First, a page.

PPPoE Configuration and Troubleshooting Considerations
PPPoE Configuration of the client (SM)
SM parameters affecting authentication and connection negotiation
The following ePMP SM configuration parameters are critical to proper PPPoE operation over the wireless link - ensure that these parameters are congruent with the configuration of the PPPoE server:
- Client Wireless IP Assignment: Static or Dynamic (DHCP) – Is the PPPoE server assigning an IP address to the PPPoE client or not?
- Service Name (optional) – Is the Service Name used by the PPPoE server configured correctly at the PPPoE client?
- Access Concentrator name (optional) – Is the AC Name used by the PPPoE server configured correctly at the PPPoE client?
- Username/Password (mandatory) – Has an account for this PPPoE client been provisioned in the PPPoE server?
- Authentication type: PAP, CHAP or ALL (both) – Is the server configured to use PAP, CHAP or both authentication types supported by the PPPoE client?
- Network location of the PPPoE server – PPPoE server and client need to be part of the same broadcast domain
SM parameters affecting PPoE quality of service
In some cases, verifying the configuration of the following parameters may improve the performance of the PPPoE connection:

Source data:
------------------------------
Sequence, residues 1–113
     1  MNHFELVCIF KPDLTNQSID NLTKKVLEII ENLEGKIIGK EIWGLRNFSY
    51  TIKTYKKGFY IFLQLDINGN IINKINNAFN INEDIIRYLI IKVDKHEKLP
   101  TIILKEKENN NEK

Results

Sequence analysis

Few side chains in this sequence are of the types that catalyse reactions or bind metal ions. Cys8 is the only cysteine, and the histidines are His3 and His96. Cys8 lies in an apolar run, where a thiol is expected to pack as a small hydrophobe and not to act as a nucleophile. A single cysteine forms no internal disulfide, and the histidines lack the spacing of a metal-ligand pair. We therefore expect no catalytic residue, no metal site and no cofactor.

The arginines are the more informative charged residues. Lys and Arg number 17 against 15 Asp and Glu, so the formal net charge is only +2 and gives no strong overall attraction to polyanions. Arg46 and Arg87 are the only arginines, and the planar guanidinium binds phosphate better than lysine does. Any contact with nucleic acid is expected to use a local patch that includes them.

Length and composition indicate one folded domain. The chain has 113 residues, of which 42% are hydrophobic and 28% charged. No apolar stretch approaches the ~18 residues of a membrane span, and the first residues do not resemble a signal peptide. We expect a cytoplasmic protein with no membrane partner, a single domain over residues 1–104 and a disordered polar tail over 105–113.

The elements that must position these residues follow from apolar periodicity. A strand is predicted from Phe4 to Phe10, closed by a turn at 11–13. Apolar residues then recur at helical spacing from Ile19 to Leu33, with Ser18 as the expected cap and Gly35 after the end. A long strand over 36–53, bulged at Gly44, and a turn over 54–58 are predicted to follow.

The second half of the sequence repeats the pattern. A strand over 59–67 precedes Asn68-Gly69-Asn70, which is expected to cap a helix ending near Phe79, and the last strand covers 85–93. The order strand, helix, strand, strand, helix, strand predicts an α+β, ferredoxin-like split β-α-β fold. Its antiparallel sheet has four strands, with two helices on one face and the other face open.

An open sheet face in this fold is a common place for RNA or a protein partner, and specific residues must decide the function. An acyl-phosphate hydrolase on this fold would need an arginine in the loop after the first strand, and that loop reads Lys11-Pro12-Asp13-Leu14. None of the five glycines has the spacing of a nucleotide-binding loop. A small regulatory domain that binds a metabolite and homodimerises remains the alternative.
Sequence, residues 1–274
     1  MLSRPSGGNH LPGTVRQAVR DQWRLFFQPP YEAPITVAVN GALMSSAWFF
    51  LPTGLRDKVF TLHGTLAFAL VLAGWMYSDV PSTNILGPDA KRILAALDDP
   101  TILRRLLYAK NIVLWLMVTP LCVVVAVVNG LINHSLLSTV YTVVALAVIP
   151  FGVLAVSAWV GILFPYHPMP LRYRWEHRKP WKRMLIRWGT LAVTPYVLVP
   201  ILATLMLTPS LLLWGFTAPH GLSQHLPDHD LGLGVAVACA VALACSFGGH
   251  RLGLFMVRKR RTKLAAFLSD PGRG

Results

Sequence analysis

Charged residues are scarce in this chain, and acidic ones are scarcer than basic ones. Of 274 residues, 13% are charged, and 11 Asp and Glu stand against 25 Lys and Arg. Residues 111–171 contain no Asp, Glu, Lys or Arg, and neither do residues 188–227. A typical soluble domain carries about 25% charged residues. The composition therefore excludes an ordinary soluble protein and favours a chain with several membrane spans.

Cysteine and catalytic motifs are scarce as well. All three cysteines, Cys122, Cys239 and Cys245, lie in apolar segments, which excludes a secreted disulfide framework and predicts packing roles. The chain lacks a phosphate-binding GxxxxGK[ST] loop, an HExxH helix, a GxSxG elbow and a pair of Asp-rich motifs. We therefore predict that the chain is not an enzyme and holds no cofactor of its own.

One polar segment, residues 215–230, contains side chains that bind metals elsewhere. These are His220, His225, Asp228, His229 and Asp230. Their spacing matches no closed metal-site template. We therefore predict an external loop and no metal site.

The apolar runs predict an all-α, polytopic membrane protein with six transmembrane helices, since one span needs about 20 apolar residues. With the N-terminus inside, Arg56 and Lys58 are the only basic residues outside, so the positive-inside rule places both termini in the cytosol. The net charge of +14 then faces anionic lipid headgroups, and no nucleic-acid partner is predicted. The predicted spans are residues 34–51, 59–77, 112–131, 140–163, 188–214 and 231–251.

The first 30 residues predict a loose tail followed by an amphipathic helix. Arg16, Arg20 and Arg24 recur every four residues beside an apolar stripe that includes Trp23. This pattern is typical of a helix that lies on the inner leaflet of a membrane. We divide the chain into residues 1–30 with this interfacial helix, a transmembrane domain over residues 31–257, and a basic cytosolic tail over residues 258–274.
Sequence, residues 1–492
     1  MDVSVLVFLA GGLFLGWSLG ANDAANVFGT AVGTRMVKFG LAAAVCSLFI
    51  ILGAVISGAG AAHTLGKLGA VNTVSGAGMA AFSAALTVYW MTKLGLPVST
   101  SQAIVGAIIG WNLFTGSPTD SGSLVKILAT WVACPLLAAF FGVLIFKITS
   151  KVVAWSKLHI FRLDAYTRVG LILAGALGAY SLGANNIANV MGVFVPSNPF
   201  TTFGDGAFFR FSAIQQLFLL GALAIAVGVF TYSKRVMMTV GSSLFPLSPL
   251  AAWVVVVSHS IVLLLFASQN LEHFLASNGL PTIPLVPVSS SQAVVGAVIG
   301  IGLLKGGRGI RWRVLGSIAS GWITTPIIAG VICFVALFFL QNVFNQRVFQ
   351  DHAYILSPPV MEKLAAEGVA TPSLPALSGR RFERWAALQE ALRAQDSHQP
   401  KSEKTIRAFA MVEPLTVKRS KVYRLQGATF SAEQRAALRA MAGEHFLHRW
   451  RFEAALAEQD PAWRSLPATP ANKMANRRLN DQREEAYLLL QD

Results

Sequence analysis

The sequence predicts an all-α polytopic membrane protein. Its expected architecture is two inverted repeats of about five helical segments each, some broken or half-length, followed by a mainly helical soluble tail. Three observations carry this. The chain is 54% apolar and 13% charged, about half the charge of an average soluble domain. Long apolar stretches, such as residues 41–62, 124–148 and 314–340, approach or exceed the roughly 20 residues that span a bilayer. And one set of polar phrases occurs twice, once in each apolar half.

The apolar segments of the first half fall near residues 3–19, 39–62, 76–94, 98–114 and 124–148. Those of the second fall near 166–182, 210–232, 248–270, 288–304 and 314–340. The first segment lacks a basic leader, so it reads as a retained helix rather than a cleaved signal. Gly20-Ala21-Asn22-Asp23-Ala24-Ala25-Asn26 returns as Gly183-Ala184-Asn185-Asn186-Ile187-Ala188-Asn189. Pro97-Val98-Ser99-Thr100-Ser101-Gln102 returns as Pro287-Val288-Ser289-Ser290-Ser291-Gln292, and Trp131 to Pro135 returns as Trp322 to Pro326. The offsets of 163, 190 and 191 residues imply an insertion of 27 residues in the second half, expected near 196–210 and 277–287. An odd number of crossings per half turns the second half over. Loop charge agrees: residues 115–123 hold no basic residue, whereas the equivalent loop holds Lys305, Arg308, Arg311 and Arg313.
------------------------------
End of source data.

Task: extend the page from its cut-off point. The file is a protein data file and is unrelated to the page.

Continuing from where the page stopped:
- MTU Size (1492 bytes max) – A mismatch of MTU size between PPPoE server and client can result is smaller than optimal packets, causing throughput issues and unnecessary fragmentation of packets.
- MSS Clamping – It can potentially help optimizing TCP connections over PPPoE link by manipulating the MSS advertised in the TCP Sync message during TCP 3-way handshaking to a value that the PPPoE link can handle (http://blog.ipspace.net/2013/01/tcp-mss-clamping-what-is-it-and-why-do.html).
SM parameters affecting recovery time of PPPoE connection failures
Adjust the following parameter to control the way PPPoE connection drops are handled:
- Keep Alive Time – This value controls both the number of timeouts and the duration of the timeouts before a PPPoE connection is declared broken. For example, a value of 10 means that the PPPoE client should miss 10 consecutive keep-alive responses from the PPPoE server, each with a timeout value of 10 seconds before declaring the PPPoE link down and initiating recovery of the link.
PPPoE Connection Inspection and Logging
Using Wireshark to capture and analyze network packet activity is a great way to drill-down into PPPoE connectivity/link issues. These captures normally are captured at the PPPoE server side (between the PPPoE server and the AP). By capturing packets, operators can determine if there are issues in PPPoE server/client configuration or if there are networking issues prohibiting proper delivery of PPPoE messaging.